Once patients complete their initial, individualized program, they can continue therapy in a group setting by attending Moving Big & Loud classes.
“When working with one of our physical and/or occupational therapists we have our patients focus on BIG movements because a common trait of Parkinson’s is that the brain doesn’t accurately transmit messages about how the body is moving,” said Edwards. “So a person may feel as though their movements are big enough, but they actually aren’t. This can lead to difficulties getting out of a chair, walking, balancing, and it increases the risk for falls.”
Another common complaint of those living with Parkinson’s is that their friends and loved ones can’t hear them.
“People living with Parkinson’s often have low volume, monotone speech and monotone pitch,” explained Anthony Garafolo, Speech Pathologist at SNMH. “They come to me saying, ‘People can’t hear me, I have to repeat myself.’ It’s frustrating and can affect their relationships. In therapy, we work on having a big voice, focusing on functional phrases they can use all the time, like ‘I love you.’ It’s really remarkable the relief this can bring our patients. It allows them to re-engage in their own lives.”
Moving Big & Loud incorporates many of the current evidence-based therapies shown to be effective for people with Parkinson’s.
“We use vocal strengthening exercises, Tai Chi, dance, boxing — anything that has been identified as helping to minimize Parkinson’s symptoms,” said Edwards. “We always try to make the activities fun because, as with most things, people are more motivated to stick with activities that they enjoy.”
Edwards and Garafolo agree that while therapy can help Parkinson’s patients at any stage, the greatest benefit is seen when therapy begins early in the diagnosis.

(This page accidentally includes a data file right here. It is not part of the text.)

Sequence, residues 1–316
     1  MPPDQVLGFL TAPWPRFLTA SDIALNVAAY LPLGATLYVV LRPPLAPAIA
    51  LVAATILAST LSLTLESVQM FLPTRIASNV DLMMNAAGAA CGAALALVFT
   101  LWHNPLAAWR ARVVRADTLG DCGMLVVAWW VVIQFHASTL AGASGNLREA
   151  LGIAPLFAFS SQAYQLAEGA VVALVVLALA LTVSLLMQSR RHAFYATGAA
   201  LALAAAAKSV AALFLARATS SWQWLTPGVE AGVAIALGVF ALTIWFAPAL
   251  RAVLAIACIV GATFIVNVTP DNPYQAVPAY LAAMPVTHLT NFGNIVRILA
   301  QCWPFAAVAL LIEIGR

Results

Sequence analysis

“One of our greatest challenges is to get patients referred to us as soon after initial diagnosis as possible rather than waiting until things get bad — years of falling, years of not being heard,” said Edwards. “But Because research has shown that the sooner you learn the techniques to counteract some of the most common impairments, the better chance you have of slowing down the decline and negative impacts of the disease.”
In fact, according to Edwards, research has shown that intense exercise can provide similar benefits as those received with common Parkinson’s medications.
One more reason that this small weekly gathering is having a big impact on people’s lives.
“We hear all the time about the positive impacts that therapy and the Moving Big & Loud class has on our patients’ lives,” said Edwards. “When they return from a vacation and tell us that they were able to keep up with their family members and they weren’t limited by their Parkinson’s … Well, that is pretty wonderful!”
All physicians providing care for patients at SNMH are members of the medical staff and are independent practitioners, not employees of the hospital.